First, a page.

“Anxiety was a way of life in the ancient pagan world. With so many gods and goddesses, all of them potentially out to get you for some offense you might not even know about, you never knew whether something bad was waiting for you just around the corner.” But Paul makes clear that the God revealed in Jesus Christ will hear you when you call. Anxiety becomes sinful when it is not delivered into the hands of the God who answers us. The way you stop worrying sinfully is by handing over your concerns to God. When worry is not followed by petition, it becomes chaotic and generally sinful. Paul is bringing these two similar mental activities to mind: worry and prayer. Worry uses the same faculties that prayer uses. In both our thoughts and words are present, as well as our emotions and imaginations. Ungodly worry is imagination used in futility. a Prayer turns our cares and concerns into fruitful reasons to trust in God. Worry without God’s intervention becomes a pagan habit. We become so consumed with anxiety that we lose our appetite or we make our appetite a god; or we become manically depressed; we make ourselves vulnerable to whatever items or false solutions take away our pain. We hide ourselves, whereas Paul says “reveal all your anxieties to God for he will hear you.”
Since worry and anxiety are such daily exercises of the human mind, Christians are then to react to worry as God would have us.
How Shall We Then Live?
We live by transforming and renewing our minds, according to the Holy Scriptures.
It’s all right to be concerned about a loved one’s health, a difficult financial situation, a conflict with your closest friend in the Church, but Paul’s answer to Euodia and Syntyche’s in Philippians 4 is to find a common mind by asking the Lord for one.
A few simple, perhaps obvious, but hopefully helpful applications to deal with our daily worries biblically:
First, we need to address our anxieties to God. Instead of a vague nervousness, name the worry and concern. “Our Father in heaven, I am worried about my son, daughter, and my relationship with this or that person. Name your worry in prayer. Leave the vague generalizations to those who worship false gods. Our God is deeply interested in hearing specifically about your concern.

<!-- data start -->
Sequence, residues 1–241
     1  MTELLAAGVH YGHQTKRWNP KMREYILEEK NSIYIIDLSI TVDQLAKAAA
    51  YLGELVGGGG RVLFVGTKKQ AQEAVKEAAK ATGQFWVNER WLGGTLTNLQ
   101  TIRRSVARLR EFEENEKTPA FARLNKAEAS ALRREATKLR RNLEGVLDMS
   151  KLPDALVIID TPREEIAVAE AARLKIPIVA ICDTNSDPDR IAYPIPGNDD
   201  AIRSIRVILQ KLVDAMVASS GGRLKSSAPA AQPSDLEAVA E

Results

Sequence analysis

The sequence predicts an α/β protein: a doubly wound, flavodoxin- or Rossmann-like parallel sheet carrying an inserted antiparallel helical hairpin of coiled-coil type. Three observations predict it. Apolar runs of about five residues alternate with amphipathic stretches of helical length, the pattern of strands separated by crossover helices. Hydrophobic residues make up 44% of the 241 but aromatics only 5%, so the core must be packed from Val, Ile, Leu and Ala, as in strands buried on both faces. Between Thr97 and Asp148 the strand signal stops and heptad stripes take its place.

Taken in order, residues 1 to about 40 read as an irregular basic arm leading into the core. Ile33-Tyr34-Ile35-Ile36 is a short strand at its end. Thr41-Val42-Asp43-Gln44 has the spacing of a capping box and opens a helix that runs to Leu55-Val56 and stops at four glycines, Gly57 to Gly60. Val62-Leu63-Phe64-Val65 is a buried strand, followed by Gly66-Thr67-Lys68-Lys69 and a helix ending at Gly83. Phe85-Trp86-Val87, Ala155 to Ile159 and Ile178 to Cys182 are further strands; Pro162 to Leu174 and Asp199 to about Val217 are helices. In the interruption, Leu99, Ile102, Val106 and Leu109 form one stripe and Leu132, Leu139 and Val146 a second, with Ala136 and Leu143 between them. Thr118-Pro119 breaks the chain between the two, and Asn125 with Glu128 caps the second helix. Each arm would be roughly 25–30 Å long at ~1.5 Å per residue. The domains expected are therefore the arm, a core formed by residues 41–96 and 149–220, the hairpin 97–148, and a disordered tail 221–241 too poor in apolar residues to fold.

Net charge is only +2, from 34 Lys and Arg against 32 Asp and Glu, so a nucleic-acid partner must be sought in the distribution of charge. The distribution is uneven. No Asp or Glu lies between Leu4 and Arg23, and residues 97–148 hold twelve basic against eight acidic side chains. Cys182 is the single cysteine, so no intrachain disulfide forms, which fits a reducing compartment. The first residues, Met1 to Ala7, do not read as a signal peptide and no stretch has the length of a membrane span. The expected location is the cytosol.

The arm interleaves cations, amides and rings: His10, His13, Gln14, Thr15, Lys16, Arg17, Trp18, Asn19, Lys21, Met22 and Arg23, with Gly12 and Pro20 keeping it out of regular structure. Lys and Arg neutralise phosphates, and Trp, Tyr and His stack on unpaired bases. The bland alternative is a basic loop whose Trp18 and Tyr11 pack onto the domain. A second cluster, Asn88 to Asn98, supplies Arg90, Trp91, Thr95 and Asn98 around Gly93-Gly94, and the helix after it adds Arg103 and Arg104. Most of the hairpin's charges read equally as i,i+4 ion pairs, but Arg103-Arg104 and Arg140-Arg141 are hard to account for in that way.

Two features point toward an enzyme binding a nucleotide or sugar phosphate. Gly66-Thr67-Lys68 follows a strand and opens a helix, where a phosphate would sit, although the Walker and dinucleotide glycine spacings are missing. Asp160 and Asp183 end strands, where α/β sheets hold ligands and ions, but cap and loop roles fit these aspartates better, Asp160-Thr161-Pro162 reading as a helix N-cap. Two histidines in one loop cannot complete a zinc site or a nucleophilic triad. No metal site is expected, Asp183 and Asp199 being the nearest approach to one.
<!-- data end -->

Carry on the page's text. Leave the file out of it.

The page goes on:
Second, turn your worry into a specific request. Once you have identified your worry, then make it known to God. “My God, I am concerned for my son’s relationships. His friends are not leading him to godliness. Help me to communicate that gracefully to him, so that he would seek godly friends instead.”
Specific petitions refine us and cause us to think deeply about the things we pray for as we pray daily.
Third, Paul says pray with gratitude, with thankfulness that our God hears us and that unlike the pagan gods of the ancient world, He is not out to get us; rather He is near us to help us.
Celebrate the kingship of Jesus over our affairs in the body. Let the world know that the way we go about solving conflict in the Church is with grace and gentleness, not with anger and bitterness, and then turn those concerns about relational or other problems into opportunities to ask for intervention from God himself.
Here is the bad news: You may be faithful in all these things, and still the one with who you are in conflict may continue to dislike you and act as if you do not exist. After all the pastoral intervention, that relationship may never be the same again. That’s the bad news! The good news is that by faithfully dealing with conflict as Paul instructs, God will be pleased with you. You will have learned to live through difficult circumstances by honoring God.
Is worry consuming you to the point where you can no longer see the end of the story? If so, refine your prayers, people of God, and make it known to God even now for He hears us.
 N.T. Wright, Paul for Everyone. Prison Letters.
- Some of these thoughts come from Gregg Strawbridge’s sermon notes on Philippians (back)